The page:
This park is reportedly larger than Rhode Island! However, with the free map and a few drives along the main routes, you quickly capture the layout and realize the opportunities that lay before you! Admission to the park allows a visitor to stay for 7 days. There is an additional fee for camping at the improved campground areas or back-country camp sites. The park does not allow bicycles or dogs on the trails, only in campgrounds and along roadways. But we managed to work with that and still experience the opportunities of Big Bend!
There are three campgrounds, each with very different features and terrain. We spent the first night at Cottonwood Camp. The dogs loved the grassy location, and we let them run a bit in the fenced area. This is an irrigated, grassy, low desert campground, on the shores of the Rio Grande in an area of the park that is low desert with mountains in the distance. A storm brewed over the mountains and brought us some light rain and cooler temperatures. We hiked to Santa Elena Canyon, along the Rio Grande and saw the Mules Ears formation through the clouds in the distance.
The icy cold wind stayed around, and we moved to a different camping area called Rio Grande Village. This area of the park is high desert with desert hiking opportunities. From here we took a trail called Hot Springs Trail and hiked for just over 3 hours. It was beautiful scenery
There are many stations along the trail such as this which have been set up by Mexicans from the other side of the river. We never saw the vendors, but they seem to be doing a brisk business based on the amount of cash in the can. They are selling twisted wire scorpions, roadrunners and ocotillo and hand painted walking sticks. I should mention that there is a hefty fine for possessing one of these items according to the Park Service brochure- as this traffic along the trails is illegal, and so are the folks crossing the Rio Grande. However, in our time there, we never saw any immigration activity at all.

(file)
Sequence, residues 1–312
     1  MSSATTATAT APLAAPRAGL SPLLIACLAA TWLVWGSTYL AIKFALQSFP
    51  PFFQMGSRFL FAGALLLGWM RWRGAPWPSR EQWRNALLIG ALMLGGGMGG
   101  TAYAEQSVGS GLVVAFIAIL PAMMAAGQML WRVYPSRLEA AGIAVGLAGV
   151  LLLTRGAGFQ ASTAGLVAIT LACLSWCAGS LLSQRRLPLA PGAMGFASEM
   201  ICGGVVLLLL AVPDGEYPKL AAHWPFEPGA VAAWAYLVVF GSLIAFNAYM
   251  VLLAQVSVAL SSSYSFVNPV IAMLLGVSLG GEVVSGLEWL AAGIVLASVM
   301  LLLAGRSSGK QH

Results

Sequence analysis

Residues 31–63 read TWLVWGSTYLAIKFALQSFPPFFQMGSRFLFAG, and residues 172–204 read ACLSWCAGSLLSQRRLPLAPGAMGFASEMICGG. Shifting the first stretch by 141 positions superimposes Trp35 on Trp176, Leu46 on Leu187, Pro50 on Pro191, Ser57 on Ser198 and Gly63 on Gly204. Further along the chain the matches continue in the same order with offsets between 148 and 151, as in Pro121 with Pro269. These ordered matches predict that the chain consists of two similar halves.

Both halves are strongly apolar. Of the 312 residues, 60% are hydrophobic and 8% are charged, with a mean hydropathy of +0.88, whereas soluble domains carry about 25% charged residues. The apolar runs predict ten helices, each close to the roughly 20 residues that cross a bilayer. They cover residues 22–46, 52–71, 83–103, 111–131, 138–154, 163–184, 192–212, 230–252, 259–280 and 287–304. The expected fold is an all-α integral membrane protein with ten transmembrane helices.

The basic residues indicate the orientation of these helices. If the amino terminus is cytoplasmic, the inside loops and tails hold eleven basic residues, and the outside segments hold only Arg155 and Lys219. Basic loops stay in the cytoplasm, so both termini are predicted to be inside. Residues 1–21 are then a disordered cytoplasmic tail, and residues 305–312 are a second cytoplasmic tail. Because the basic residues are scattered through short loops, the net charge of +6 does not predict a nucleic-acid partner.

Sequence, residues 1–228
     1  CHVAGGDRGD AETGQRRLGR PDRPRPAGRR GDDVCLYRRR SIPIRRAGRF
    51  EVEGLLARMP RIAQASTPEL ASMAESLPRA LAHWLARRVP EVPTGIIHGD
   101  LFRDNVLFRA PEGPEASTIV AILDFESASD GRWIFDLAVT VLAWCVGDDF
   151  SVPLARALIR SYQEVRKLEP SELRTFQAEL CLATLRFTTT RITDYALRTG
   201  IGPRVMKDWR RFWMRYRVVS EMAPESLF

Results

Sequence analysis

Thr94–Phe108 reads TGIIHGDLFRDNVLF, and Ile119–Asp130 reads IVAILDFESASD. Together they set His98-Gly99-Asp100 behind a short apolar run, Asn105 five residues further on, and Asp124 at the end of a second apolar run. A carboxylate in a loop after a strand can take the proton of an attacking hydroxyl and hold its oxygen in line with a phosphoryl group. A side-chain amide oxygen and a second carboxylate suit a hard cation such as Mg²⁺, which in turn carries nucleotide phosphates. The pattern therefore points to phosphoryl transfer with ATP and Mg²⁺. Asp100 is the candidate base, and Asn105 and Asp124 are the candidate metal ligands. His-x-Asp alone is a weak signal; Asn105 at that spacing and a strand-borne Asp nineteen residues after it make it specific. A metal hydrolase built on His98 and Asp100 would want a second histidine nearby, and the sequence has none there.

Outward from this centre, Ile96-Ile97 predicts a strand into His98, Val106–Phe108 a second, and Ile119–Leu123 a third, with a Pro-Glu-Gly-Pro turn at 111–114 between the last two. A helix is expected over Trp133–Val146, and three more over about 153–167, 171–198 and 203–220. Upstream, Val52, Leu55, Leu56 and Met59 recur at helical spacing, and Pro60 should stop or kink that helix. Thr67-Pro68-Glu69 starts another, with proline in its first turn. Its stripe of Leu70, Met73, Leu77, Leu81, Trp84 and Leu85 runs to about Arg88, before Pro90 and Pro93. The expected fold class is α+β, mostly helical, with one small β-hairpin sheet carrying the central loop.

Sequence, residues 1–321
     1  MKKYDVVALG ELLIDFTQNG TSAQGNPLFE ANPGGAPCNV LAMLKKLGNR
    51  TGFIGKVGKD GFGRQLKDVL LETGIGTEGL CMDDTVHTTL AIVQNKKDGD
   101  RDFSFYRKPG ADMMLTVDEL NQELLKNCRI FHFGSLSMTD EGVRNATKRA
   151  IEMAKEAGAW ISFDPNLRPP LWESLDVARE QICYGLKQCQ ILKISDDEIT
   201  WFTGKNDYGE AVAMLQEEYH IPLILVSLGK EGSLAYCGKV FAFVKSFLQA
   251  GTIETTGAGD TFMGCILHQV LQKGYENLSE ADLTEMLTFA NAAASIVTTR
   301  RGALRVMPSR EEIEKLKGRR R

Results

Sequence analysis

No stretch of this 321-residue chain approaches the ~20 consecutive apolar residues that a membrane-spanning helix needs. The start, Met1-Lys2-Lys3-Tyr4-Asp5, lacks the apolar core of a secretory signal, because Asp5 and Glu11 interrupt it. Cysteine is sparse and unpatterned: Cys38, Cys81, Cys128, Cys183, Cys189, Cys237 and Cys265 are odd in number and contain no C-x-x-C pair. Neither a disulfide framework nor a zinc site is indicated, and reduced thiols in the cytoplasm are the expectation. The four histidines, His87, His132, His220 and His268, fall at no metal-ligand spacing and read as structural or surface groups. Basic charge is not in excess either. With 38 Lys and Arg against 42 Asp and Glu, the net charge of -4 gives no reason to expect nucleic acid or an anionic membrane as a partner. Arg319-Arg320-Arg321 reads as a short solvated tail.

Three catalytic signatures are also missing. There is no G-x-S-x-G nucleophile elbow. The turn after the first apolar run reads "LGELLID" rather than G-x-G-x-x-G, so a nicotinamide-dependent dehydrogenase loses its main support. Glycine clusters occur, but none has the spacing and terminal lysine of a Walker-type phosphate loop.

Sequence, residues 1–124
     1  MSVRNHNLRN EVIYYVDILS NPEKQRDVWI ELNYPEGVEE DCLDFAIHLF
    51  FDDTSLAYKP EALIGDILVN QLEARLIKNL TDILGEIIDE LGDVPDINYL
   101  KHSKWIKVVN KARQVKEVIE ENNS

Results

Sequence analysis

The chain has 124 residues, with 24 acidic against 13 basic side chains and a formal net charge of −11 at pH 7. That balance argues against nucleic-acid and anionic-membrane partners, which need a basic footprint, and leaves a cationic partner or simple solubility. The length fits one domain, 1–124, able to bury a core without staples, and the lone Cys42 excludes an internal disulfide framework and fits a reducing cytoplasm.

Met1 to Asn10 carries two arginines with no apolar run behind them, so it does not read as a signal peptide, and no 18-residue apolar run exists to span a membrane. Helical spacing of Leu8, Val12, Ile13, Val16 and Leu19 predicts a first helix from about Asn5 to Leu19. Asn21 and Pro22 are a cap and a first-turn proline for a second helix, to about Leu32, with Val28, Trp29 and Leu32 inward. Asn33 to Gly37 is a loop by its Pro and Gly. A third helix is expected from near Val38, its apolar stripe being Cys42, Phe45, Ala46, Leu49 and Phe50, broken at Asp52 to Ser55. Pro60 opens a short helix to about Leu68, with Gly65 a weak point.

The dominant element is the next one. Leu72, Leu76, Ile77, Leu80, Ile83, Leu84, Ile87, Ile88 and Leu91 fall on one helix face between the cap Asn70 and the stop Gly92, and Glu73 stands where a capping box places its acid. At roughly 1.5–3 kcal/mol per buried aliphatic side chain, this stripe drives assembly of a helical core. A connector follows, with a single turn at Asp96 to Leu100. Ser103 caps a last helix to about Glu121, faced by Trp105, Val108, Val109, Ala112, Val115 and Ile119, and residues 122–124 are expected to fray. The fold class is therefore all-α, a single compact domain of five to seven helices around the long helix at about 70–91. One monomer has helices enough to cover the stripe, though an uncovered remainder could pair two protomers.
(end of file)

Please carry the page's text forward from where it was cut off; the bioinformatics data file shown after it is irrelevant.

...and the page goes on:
The Hot Springs Trail ends at the site of a former hot springs retreat and small homestead. It was a cold day, but we vowed to return when the weather warmed up. Luckily there is a road to within ¼ mile of this because I did not want to hike it again!
The next day we had the unique experience of crossing the border through a cooperative agreement between US Border Patrol and US Park Service. They operate a crossing station designed to allow Big Bend visitors to cross the Rio Grande to a small village (Boquillas Del Carmen). Then entire arrangement is very official, with passports required and visas completed. The crossing takes place in a flat-bottom boat which is paddled across the Rio Grande in about 4 strokes, by a Mexican cowboy while a Mexican grandfather is sitting in the shade singing from the shore. Upon landing they want to sell you a ride to the village on their donkeys. The village is about ¼ mile from shore, and operates exclusively for this commercial exchange. The return to the US side leads you through the same office where passports are again checked and you have returned to the US with your requisite bag of Mexican souvenirs.
The weather cleared and we moved into the higher mountain area of the park. This is the Chisos Basin. It offers mountain vistas and viewpoints that reach through many small ranges towards the desert This area includes a store, campground, lodge and restaurant. The wildlife are unfazed by the structures, as you see these two small deer wrestling, the lodge is their backdrop.